Impaired Driving Laws – Impact on Non-Canadians

Canada’s New Impaired Driving Bill and its Impact on Temporary Residents and Permanent Residents

Definition

Impaired driving is the criminal offence of operating a motor vehicle while being impaired by alcohol, a drug or both.

impaired driving

Background

On June 21, 2018, Bill C-46, the Impaired Driving Act, received Royal Assent. The bill will increase the penalties for impaired driving offences under the Canadian Criminal Code (CCC). The bill will come into force on December 18, 2018.

Bill C-45, the Cannabis Act, will legalise recreational use of cannabis nationwide starting on October 17, 2018. As the Canadian Government shows a zero-tolerance policy on impaired driving, the bill will have a significant impact on non-Canadians.

Statutory Laws re: Impaired Driving

Per section 36(1) of the Immigration and Refugee Protection Act (IRPA), temporary residents (workers, students and visitors) and permanent residents are inadmissible on grounds of serious criminality for:

  • having been convicted in Canada of an offence under an Act of Parliament punishable by a maximum term of imprisonment of at least 10 years, or of an offence under an Act of Parliament for which a term of imprisonment of more than 6 months has been imposed;

  • having been convicted of an offence outside Canada that, if committed in Canada, would constitute an offence under an Act of Parliament punishable by a maximum term of imprisonment of at least 10 years; or

  • committing an act outside Canada that is an offence in the place where it was committed and that, if committed in Canada, would constitute an offence under an Act of Parliament punishable by a maximum term of imprisonment of at least 10 years.

The new section 320.14(1) CCC describes the Operation While Impaired offence (not involving bodily harm or death). According to the new section 320.19(1) CCC, the Crown may prosecute an impaired driver for a summary conviction or for an indictable offence.

Under section 36(3)(a) IRPA, an offence that may be prosecuted either summarily or by way of indictment is deemed to be an indictable offence, even if it has been prosecuted summarily. Consequently, Canadian jurists will consider an impaired driving offence (not involving bodily harm or death) a serious criminality.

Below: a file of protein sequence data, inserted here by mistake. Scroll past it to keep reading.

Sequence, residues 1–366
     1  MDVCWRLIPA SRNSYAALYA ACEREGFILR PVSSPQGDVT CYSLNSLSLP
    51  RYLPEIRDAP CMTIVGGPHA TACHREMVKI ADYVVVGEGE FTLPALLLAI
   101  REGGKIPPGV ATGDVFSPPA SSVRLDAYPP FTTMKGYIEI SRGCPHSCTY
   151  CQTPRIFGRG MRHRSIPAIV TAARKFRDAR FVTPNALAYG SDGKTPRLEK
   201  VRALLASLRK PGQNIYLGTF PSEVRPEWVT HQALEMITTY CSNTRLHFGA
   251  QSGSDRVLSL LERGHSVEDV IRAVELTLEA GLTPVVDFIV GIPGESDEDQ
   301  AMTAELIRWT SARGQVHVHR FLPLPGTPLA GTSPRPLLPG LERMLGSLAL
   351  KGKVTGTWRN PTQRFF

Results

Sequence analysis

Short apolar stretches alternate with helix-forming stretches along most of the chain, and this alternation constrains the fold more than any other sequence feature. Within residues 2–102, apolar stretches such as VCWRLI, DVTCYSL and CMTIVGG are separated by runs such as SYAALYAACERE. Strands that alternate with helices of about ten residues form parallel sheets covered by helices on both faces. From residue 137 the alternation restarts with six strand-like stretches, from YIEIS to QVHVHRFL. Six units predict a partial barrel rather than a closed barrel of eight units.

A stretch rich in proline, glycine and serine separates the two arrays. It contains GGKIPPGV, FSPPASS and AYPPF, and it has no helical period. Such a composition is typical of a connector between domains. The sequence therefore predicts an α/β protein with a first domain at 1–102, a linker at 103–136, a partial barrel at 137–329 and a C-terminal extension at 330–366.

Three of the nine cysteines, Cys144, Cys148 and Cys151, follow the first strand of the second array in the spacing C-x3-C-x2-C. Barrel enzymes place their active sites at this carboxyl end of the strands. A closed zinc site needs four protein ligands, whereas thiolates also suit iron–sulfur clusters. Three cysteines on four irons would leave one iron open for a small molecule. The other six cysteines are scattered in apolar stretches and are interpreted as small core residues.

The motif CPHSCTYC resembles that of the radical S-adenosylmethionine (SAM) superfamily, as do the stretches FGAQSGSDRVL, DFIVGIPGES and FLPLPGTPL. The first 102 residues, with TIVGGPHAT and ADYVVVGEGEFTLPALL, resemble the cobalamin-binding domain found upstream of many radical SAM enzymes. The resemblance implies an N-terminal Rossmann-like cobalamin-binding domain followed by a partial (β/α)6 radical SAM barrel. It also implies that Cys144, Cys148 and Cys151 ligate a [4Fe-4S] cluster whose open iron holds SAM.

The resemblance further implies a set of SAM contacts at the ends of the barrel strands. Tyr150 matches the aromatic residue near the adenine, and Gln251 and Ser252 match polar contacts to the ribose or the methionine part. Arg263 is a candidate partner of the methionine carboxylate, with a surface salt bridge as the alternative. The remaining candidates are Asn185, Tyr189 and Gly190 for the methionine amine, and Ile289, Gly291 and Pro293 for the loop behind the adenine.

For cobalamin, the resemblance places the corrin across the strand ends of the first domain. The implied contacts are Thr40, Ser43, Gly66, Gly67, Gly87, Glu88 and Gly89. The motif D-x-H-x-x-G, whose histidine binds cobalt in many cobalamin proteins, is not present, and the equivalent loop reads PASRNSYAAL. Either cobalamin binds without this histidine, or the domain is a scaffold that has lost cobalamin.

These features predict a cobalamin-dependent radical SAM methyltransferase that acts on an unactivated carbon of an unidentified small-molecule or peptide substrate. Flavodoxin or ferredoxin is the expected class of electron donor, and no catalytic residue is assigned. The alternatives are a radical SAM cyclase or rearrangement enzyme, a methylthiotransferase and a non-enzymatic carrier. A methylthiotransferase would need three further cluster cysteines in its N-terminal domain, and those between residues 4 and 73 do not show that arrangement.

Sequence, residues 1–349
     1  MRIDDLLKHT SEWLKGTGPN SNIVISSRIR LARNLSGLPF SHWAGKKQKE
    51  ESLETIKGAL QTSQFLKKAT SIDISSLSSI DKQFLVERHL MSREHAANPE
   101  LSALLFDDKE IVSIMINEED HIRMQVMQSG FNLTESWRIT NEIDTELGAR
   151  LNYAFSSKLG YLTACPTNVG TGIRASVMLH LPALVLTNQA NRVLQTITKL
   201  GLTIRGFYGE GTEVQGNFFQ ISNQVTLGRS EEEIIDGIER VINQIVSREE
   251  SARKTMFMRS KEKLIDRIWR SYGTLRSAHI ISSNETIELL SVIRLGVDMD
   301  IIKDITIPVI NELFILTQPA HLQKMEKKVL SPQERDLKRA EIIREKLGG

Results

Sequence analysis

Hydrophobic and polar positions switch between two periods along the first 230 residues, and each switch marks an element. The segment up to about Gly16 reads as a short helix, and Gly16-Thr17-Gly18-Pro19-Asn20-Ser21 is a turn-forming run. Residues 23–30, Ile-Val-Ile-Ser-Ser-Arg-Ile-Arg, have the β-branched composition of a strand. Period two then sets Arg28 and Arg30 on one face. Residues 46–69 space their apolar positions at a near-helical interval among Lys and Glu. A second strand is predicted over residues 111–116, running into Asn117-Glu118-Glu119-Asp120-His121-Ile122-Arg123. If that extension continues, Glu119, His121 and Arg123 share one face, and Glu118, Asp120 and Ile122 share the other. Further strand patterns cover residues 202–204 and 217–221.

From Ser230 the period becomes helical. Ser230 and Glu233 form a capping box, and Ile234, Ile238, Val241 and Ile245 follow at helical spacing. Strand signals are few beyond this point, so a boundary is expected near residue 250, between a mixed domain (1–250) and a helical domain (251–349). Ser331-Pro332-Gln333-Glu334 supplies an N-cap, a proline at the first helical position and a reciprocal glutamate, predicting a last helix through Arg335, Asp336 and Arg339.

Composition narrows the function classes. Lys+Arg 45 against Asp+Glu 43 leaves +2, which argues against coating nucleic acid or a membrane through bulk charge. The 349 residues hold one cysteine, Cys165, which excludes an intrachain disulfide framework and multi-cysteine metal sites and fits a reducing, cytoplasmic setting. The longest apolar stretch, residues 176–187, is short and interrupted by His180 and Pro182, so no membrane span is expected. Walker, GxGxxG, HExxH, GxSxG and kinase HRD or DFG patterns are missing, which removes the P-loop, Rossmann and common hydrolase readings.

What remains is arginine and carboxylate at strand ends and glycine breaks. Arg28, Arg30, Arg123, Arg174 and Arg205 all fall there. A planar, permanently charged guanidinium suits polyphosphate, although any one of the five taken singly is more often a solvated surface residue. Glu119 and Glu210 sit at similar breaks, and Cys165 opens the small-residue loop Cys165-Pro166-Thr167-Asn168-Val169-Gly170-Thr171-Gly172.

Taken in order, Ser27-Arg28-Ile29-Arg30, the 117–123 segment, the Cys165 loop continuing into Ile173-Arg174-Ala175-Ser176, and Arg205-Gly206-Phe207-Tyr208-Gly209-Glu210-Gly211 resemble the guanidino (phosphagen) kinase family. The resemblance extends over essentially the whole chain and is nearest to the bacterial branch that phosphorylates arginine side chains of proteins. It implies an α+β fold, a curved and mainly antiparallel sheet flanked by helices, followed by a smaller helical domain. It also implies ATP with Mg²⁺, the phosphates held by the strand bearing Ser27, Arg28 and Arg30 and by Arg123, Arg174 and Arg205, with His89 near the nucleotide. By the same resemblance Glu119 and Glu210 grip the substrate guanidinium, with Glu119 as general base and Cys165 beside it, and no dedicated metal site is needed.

Permanent Residents

Before Bill C-46, permanent residents would not face removal from Canada due to a single impaired driving conviction.

Temporary Residents

In accordance with section 36(2) IRPA temporary residents are also inadmissible on grounds of criminality for:

  • having been convicted in Canada of an offence under an Act of Parliament punishable by way of indictment, or of two offences under any Act of Parliament not arising out of a single occurrence;
  • having been convicted outside Canada of an offence that, if committed in Canada, would constitute an indictable offence under an Act of Parliament, or of two offences not arising out of a single occurrence that, if committed in Canada, would constitute offences under an Act of Parliament; 
  • committing an act outside Canada that is an offence in the place where it was committed and that, if committed in Canada, would constitute an indictable offence under an Act of Parliament; or
  • committing, on entering Canada, an offence under an Act of Parliament prescribed by regulations.

Currently, temporary residents are inadmissible to Canada on grounds of criminality for a single impaired driving offence. Consequently, obtaining a temporary resident permit (TRP) and a rehabilitation is much easier. Lastly, they may qualify for deemed rehabilitation.

Once Bill C-46 takes effect, obtaining a TRP or a rehabilitation for an impaired driving offence will be more difficult. Finally, deemed rehabilitation will not be available any longer.

No Appeal for Inadmissibility

Per section 64(1) IRPA temporary residents and permanent residents who are sentenced to at least 6 months of imprisonment for an impaired driving offence will lose their right to appeal to the Immigration Appeal Division.

Case Law re: Impaired Driving

In Tran v. Canada (Public Safety and Emergency Preparedness), [2017] 2 SCR 289, the Supreme Court of Canada held that the date for assessing serious criminality under section 36(1)(a) IRPA is the date of the commission of the offence. Therefore, Bill C-46 will only impact offences committed on or after December 18, 2018.

Katharina Kontaxis, RCIC